Phoenix Houses of the Mid-Atlantic Implements Vocational Training Program

Tuesday, December 27th, 2011

In recent years, millions of people have been negatively impacted by the seemingly sharp and ongoing downturn in the economy. Nowhere have these woes been felt more than in the country’s many addiction recovery programs, where the lack of jobs has severely hindered the recovery process. If men and women who are recovering from addiction cannot find employment, they are at greater risk for relapse, as they struggle to establish independence and to regain a sense of personal responsibility. Fortunately, for people seeking treatment at Phoenix Houses of the Mid-Atlantic (PHMA), there are services already established to provide a springboard to employment, cultivating the skills necessary to succeed in today’s competitive job market.

Paul Scanlon, a PHMA Development Committee member and local professional, discusses the key points of behavioral interview questions with men in the Phoenix Program. He is one of many guest speakers who has volunteered to assist members of the PHMA recovery community.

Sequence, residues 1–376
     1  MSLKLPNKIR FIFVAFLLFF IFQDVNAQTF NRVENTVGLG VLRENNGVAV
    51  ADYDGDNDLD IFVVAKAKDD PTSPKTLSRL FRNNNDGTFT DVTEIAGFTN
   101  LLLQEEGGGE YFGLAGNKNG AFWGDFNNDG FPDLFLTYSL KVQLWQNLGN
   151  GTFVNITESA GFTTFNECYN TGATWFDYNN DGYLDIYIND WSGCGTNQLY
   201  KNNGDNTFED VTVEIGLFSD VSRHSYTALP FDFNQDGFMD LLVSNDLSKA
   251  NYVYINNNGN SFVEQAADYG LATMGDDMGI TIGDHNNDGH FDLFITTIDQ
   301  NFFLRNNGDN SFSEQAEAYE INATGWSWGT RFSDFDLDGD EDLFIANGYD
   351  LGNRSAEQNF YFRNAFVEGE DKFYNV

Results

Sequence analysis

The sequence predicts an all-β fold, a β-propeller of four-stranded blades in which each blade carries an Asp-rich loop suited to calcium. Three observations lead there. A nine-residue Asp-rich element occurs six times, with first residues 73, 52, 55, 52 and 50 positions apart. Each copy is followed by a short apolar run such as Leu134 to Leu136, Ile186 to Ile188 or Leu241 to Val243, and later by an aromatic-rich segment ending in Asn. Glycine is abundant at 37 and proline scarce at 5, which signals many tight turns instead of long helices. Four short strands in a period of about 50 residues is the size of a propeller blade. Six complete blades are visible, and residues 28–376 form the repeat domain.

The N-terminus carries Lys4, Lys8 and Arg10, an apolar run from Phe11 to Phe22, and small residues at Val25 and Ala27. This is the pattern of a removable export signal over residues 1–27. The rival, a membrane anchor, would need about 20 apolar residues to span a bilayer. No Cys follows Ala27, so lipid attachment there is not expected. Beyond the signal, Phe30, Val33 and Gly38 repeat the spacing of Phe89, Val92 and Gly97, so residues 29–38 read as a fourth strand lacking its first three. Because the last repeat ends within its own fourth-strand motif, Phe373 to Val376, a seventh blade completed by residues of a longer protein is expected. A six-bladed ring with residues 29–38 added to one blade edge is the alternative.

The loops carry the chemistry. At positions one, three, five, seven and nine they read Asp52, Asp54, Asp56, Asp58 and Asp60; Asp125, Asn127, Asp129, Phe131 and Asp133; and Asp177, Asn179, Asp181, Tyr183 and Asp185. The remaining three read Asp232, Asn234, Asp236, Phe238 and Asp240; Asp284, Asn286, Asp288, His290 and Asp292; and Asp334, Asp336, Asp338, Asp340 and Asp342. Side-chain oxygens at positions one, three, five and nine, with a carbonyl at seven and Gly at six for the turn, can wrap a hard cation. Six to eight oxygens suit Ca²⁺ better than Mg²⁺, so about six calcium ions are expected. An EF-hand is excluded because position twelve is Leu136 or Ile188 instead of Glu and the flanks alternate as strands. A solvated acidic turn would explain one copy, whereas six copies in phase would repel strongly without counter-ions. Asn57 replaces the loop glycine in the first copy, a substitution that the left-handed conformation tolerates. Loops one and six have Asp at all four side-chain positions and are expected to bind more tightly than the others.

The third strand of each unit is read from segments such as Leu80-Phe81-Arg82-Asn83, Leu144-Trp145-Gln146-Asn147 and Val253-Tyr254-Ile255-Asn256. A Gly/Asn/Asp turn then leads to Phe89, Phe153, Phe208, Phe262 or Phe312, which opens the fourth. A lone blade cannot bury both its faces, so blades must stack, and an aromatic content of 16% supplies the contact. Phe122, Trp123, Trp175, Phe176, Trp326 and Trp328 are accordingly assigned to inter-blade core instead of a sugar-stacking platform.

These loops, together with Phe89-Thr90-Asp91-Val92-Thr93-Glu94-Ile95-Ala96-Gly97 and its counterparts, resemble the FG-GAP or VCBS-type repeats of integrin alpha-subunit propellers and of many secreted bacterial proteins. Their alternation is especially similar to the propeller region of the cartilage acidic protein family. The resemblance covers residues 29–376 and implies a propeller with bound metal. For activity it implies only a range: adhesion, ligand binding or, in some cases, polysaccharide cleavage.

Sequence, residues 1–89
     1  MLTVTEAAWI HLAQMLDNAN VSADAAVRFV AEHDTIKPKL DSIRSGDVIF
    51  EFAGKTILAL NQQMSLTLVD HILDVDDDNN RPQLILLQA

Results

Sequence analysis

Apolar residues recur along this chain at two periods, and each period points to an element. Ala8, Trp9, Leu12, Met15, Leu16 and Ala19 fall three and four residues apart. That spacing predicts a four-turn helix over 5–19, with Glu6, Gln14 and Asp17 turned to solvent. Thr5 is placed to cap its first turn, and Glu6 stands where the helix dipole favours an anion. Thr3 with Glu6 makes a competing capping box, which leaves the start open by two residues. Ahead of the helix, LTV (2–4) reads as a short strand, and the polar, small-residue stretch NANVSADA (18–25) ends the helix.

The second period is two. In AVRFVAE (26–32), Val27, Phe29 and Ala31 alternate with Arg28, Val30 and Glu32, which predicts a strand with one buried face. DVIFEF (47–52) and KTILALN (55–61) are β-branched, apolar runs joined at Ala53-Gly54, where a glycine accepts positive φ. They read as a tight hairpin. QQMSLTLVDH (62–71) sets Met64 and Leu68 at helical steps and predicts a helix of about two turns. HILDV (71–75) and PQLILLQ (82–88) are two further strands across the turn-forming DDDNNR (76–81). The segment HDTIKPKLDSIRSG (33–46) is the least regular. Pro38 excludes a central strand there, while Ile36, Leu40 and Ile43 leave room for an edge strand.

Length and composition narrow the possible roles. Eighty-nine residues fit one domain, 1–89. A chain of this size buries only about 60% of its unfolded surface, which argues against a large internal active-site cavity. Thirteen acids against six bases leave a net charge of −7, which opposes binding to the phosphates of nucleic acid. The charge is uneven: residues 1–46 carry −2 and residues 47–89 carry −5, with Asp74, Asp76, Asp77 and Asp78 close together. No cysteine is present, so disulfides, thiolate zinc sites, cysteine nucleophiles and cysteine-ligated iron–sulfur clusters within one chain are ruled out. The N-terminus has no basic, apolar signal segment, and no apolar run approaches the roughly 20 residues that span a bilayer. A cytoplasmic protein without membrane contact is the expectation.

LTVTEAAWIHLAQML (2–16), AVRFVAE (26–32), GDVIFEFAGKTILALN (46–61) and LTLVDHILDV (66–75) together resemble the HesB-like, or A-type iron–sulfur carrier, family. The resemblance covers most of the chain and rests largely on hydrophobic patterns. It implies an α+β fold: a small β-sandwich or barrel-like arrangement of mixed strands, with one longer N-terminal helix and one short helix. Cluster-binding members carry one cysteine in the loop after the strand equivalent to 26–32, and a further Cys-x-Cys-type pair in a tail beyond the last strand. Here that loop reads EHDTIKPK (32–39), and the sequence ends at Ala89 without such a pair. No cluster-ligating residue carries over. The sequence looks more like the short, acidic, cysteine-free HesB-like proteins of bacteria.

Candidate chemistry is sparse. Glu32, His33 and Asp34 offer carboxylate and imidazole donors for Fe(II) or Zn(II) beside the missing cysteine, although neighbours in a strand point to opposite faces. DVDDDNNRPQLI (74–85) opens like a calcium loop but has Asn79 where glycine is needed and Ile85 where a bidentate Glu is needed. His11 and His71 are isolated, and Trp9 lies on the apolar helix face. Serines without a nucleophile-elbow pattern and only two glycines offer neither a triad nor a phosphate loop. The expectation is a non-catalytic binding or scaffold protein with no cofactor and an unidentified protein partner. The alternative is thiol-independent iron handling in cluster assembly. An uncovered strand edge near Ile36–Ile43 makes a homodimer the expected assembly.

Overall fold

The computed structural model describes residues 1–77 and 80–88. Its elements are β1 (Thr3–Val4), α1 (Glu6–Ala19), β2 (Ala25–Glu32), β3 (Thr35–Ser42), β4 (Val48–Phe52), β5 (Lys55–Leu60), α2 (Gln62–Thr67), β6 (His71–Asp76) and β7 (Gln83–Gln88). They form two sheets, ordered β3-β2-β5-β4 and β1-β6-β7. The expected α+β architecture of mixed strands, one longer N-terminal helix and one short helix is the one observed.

Cheryl Jackson, the PHMA Vocational Counselor, who brings years of professional experience and training with her, including her current status as a Ph.D. candidate (in Human Services), and Derick Malis, PHMA Project Manager/Project Outreach Coordinator, who has over 30 years of experience in non-profit community outreach, have joined together to provide a weekly training seminar to clients in both the Phoenix and Demeter House programs. Every Tuesday, these men and women participate in an hour-long seminar, led by Derick , Cheryl, or a variety of subject matter experts within the D.C. community. The clients are taught networking, resume-writing, interviewing, customer-service, and other pertinent employment skills. Additionally, both members of the vocational team provide other integral support services, including linking clients to specific employers and training programs in the area. When asked about the impact of these services on client recovery, Derick commented, “It is hard to overstate the importance of employment to a client leaving treatment. The ability to support oneself and one’s family provides a tremendous amount of self-worth and value. Without work, self-esteem plummets, and combined with idle time, greatly increases the possibility of relapse. There is nothing more gratifying for me than to hear the thank you from an exuberant client who has just gotten a job.” Clients who participate in these vocational educational programs are indeed excited about reclaiming their lives. Finding employment proves to be an excellent support on the journey of recovery.

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